I’m incredibly amazed by many of the questions I get asked on a weekly basis. People I don’t know write me to ask my advice on all kinds of things, like what to say to a friend of theirs who is in sin, what kind of decision to make for their future, what they should do about fellowship, or even what might be the key to free them from some element of bondage.
Now, I don’t take those lightly. I know the people on the other side of those emails are incredibly desperate. Some are angry or lonely or at the end of their rope and feel they have no one else to turn to. But what they don’t realize is the incredible limitations of email, either for me to truly know what is going on in their hearts or in my ability to communicate with them what they would most need to hear in a limited email.
But beyond those concerns there is something more fundamental that disturbs me. I am a total stranger to them and they to me. I can’t really get to know the situation they are in by their own assessment of it. I’m only getting one side of a story. I don’t know the people they are interacting with or the nature of the relationship they have with them. Why would anyone trust the words of a stranger a thousand of miles away, to the God who already lives in them?
Is this part of the residue of our religious systems that always sets up an expert between us and God? We think the “man of God” has a more direct pipeline to God than what he wants to share with each of his followers. This is one of the sad fruits of our practicing Christianity as if it is a religion. We’re just certain that there are techniques others know that I don’t, rather than embrace the reality that God wants to have a personal connection with all of his children to help them learn to live freely in his life.
A couple of days ago, I got one of these emails from a woman caught in some very desperate circumstances and feeling like God was no where to be found. Her email was titled, “Where is God?” My heart went out to her as I read it, but I again felt as if she needed something more than a ‘word from Wayne’. She needed him!
Imagine my joy when less than 12 hours later, and before I had a chance to respond, I got another email from the same woman titled, “Never mind.” I thought at first she might be upset that I hadn’t responded in the twelve hours since she’d sent it to me. But that wasn’t the case at all. What she wrote thrilled my heart:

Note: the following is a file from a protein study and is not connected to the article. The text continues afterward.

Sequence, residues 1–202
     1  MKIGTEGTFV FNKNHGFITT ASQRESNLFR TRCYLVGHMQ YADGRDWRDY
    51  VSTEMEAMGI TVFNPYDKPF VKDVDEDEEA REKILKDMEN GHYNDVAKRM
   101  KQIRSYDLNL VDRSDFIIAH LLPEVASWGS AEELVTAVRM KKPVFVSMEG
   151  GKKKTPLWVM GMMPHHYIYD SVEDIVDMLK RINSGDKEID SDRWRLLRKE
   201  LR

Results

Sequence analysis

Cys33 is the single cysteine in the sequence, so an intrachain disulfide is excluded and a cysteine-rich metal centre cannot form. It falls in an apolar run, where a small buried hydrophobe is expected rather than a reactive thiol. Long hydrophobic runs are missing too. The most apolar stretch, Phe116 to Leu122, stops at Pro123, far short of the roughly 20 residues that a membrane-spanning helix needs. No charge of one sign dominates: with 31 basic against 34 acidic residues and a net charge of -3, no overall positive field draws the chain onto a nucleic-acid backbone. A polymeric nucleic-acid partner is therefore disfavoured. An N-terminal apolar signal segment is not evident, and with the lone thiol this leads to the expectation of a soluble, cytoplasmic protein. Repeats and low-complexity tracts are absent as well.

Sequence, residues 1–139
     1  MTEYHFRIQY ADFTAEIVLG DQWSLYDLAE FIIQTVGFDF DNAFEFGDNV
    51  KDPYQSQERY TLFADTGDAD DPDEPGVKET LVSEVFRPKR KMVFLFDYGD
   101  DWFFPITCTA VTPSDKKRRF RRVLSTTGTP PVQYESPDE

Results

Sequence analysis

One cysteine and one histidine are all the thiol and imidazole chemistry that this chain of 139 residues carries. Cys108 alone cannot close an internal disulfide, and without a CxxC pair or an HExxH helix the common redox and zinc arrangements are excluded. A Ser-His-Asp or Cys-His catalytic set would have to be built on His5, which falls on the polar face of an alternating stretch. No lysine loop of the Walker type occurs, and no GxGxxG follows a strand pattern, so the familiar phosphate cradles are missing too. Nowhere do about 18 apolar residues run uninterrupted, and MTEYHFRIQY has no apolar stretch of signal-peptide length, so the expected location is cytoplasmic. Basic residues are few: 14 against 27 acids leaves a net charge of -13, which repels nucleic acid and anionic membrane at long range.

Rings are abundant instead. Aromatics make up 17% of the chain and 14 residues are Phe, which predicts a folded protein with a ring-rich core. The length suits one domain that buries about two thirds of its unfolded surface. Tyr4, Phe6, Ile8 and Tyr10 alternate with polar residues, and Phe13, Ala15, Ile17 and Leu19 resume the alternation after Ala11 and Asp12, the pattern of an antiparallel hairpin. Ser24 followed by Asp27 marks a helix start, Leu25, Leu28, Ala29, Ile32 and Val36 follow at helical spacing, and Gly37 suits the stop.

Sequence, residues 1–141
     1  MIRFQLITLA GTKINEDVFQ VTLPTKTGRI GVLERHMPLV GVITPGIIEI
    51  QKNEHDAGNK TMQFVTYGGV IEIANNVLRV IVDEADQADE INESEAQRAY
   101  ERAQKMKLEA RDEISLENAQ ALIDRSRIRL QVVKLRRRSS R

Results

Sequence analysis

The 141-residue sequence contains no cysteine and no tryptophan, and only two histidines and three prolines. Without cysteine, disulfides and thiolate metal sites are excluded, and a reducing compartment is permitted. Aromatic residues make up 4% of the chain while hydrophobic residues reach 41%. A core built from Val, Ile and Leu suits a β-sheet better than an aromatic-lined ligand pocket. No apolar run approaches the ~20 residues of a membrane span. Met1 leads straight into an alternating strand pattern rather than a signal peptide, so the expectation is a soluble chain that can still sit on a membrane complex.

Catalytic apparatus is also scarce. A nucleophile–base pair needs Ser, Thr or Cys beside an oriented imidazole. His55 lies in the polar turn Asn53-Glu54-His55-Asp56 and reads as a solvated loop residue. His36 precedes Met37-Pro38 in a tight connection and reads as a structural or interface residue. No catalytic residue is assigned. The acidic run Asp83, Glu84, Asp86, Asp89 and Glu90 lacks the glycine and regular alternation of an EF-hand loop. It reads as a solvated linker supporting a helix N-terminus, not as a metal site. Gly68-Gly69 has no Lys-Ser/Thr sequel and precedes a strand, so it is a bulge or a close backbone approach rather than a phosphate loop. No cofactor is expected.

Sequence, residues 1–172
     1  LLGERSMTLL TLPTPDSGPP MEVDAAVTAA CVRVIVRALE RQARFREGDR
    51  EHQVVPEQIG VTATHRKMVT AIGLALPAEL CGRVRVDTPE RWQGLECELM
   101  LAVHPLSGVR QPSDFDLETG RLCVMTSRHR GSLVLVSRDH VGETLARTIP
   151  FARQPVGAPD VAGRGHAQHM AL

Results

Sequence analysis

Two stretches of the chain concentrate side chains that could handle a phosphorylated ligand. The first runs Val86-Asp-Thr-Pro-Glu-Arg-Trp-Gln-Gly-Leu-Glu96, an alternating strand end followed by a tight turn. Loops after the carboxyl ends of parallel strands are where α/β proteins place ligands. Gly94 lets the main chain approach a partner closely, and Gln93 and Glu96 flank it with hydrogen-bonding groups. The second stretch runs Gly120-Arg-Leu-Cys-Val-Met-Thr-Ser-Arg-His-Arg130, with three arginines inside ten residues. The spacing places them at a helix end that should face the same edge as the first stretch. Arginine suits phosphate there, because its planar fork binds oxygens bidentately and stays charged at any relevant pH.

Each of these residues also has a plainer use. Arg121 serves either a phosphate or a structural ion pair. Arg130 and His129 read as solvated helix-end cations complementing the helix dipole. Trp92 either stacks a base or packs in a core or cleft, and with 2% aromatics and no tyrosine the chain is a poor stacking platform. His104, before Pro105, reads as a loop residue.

Don’t feel like you need to respond to my last e-mail. I sat for a few hours and watched the moon inch slowly across the sky. Sitting under the night sky all night helped clear my mind. God answered a bunch of my questions. So I’m pretty sure I’ll be OK. Our conversation started like this, “Why do you keep asking (other) people these questions? I’m waiting for you to ask Me.”
I think God is waiting for all of us to ask him. And I mean exactly like this woman did, in a quiet place. Too often we think we’re praying when we rush around throwing up desperate requests to God and yet we never draw to a quiet place long enough to listen to his response.
This reminded me of an experience I had with my daughter when she was twelve. She was afraid we were going to make her go to something she didn’t want to go to. We assured her we wouldn’t make her go. Now that she was twelve she had the freedom to go or not go, depending on what God wanted for her. She asked how she would know that, and we told her just to ask. Get in a quiet place and ask him if he wants you to go or not, sit in silence for a bit and see what she felt God was saying to her. She did. Fifteen minutes later she told us that she felt God wanted her to go. And she did, with a much-improved attitude because God had asked her to, not her parents had demanded it of her.
Hearing God and knowing his presence is not rocket science. It only takes a simple heart willing to be honest with him, to pause long enough to see what impressions he puts on our hearts, and to follow him as he leads us. It will help if you discard all your expectations about what he should say or should do. Let him be God and don’t so much see him as the fairy-godmother who will fix everything to make you happy, but the Abba who can walk you through anything with his grace and glory.
Will we make mistakes learning to follow him? Sure. But he can overcome those, too, and in doing so we all get to learn better the difference between his voice and yours.
And, please none of this is not meant to discount the value of a helping friend when we’re so buried in our own pain that we can’t see our way out. Just make sure that helping hand comes from someone who knows you well enough to really be of help, and that they are helping you connect with God instead of listening to God for you. Those who try to build a ministry out of other people’s dependence really don’t get what the Gospel is all about.
Anyone who truly knows the glory of living in the Father’s reality wouldn’t dream of robbing that same opportunity from someone else.